Here’s the trap: the writer imbues the character with all sorts of surface traits, tics, foilables and choices. With quirks. The way they dress, what they drive, how they talk, hygiene (or lack thereof), manners (or lack thereof), sophistication, preferences, tastes, prejudices, habits, bluster… and all of the other contrivances and socially-interfacing choices we humans make.
It may mean something, or it may be just a convenient contrivance. Either way, quirks hardly ever ultimately define your hero or antagonist.
Quirks and personality skews aren’t enough.
The characterization bar is higher than that. Until you show us the third dimension of your major characters – how they behave and act when the heat is on — you haven’t done your job with them.
Because characterization is best illustrated — and most germane to the story you are telling — when it comes down to the choices the character makes when there are consequences hanging in the balance. Those choices may or may not align with the quirks you’ve assigned them, but either way, they ultimately do define the character.
Bill Clinton lied to the Grand Jury and to the American public. So did Barry Bonds and every indignant politician who got caught with their pants down. What is their true character? They showed us by what they did when it counted.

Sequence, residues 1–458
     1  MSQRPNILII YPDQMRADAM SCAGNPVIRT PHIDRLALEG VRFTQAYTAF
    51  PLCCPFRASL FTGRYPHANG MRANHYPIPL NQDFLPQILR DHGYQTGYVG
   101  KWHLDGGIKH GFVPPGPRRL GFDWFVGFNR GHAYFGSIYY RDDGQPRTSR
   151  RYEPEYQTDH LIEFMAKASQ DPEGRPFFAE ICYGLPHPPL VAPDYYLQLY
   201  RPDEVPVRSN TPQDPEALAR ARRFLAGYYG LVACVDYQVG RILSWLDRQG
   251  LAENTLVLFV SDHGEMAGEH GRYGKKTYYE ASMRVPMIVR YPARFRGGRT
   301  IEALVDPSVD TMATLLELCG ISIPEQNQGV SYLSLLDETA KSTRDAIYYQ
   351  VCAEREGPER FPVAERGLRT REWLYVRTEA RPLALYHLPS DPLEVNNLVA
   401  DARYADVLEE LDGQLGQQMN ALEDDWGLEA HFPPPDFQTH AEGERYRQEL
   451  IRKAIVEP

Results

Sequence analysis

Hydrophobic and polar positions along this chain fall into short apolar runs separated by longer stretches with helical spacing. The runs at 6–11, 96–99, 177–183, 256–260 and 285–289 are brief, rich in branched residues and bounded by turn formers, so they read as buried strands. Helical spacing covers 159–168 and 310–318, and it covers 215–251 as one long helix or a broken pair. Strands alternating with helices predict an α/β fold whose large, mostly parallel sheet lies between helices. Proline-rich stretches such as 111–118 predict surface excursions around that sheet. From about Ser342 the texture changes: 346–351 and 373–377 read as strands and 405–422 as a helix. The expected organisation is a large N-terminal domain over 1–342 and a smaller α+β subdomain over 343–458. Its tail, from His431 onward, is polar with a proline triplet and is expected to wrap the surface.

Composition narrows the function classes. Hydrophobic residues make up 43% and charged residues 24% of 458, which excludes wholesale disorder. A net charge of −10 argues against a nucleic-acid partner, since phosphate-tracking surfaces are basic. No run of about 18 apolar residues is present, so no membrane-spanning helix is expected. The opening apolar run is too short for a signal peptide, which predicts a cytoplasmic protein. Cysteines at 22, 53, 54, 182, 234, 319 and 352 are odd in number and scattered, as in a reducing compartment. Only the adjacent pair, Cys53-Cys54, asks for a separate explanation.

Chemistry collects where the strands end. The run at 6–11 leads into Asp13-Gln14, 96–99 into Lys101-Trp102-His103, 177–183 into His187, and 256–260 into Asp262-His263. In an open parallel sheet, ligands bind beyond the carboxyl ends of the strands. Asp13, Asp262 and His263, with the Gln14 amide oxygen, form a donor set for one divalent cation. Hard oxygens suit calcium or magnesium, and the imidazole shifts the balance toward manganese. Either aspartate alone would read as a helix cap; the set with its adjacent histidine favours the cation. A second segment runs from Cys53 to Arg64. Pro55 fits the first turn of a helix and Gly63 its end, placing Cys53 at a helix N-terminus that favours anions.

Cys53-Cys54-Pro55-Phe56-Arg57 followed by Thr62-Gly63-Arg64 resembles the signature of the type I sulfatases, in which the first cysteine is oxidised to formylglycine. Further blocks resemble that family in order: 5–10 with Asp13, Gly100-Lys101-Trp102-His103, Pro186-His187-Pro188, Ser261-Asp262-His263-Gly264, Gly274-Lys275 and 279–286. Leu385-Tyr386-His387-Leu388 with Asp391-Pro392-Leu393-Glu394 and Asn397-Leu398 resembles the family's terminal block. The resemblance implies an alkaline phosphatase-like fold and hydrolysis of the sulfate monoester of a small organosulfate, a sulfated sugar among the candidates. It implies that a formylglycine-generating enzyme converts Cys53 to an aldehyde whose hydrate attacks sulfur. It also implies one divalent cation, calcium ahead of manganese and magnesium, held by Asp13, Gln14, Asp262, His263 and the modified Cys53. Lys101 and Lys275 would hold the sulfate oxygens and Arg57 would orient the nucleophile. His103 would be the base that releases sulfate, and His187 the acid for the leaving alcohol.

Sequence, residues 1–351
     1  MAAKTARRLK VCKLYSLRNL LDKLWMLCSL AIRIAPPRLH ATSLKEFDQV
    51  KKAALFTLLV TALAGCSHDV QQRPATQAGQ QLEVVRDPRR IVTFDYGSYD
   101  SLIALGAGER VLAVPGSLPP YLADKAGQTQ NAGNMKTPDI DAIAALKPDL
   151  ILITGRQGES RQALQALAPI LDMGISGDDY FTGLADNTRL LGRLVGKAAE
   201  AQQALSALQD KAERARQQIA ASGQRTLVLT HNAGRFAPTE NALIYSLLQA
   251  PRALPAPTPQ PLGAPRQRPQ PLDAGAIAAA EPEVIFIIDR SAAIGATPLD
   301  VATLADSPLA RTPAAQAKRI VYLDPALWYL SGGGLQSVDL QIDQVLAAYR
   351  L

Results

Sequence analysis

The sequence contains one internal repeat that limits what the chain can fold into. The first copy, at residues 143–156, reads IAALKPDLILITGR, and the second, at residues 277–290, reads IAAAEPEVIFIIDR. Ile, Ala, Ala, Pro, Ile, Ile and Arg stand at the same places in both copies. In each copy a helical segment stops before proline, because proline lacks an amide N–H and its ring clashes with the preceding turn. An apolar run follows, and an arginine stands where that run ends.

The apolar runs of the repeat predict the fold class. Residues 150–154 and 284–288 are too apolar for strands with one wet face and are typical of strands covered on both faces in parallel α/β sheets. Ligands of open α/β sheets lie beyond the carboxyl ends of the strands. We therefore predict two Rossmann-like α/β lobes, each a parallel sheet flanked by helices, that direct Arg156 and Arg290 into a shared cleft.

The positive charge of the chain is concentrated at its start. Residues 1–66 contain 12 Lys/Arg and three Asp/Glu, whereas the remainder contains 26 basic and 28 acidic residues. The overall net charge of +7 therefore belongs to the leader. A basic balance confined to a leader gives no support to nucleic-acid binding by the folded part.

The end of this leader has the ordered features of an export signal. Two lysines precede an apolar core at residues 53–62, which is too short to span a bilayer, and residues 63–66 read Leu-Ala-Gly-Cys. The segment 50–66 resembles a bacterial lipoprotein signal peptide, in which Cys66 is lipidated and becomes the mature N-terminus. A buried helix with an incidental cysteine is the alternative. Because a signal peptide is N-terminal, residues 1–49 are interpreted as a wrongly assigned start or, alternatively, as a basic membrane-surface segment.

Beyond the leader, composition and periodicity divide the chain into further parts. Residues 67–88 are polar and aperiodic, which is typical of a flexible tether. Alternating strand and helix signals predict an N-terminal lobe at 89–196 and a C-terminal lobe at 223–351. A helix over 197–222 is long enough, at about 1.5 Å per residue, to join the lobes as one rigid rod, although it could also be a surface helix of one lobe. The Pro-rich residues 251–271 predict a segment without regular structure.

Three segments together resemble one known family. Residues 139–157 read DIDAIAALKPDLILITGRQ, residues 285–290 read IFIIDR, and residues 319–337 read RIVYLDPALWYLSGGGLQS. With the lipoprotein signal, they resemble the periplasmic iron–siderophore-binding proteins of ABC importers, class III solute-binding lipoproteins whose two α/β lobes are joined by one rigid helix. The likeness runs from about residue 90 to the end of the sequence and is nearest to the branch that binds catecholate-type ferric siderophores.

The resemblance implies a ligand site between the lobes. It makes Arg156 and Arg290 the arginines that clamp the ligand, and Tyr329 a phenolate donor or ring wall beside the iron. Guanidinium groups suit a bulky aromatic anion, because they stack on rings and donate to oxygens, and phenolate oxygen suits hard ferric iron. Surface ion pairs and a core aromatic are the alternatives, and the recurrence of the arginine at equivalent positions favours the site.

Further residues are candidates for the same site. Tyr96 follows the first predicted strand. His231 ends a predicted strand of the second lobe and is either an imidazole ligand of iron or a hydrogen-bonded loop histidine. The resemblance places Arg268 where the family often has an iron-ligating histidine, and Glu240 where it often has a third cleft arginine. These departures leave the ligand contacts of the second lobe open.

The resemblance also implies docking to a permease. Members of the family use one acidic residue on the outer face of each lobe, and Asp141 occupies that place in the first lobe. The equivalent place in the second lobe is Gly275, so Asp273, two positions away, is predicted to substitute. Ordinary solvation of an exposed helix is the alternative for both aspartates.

If your character is all surface quirks, with no inner diaglogue, no backstory, no linkage between those quirks and that backstory… if it’s all for show… then you’ve missed the boat, and the boat is named Opportunity.
Remember, your hero must be just that… heroic. Doesn’t matter how many tattoos they have or how they wear their hair, if they smoke or not, if they have an accent or not, shave or not, if they take the bus or drive a Corvette (this choice seems to say a lot about some characaters) or not…
… your hero must exhibit courage, growth and nimble quickness of thought when it counts. What they do defines them. They are heroic, possessed of integrity… or they are not. Quirks don’t get you there.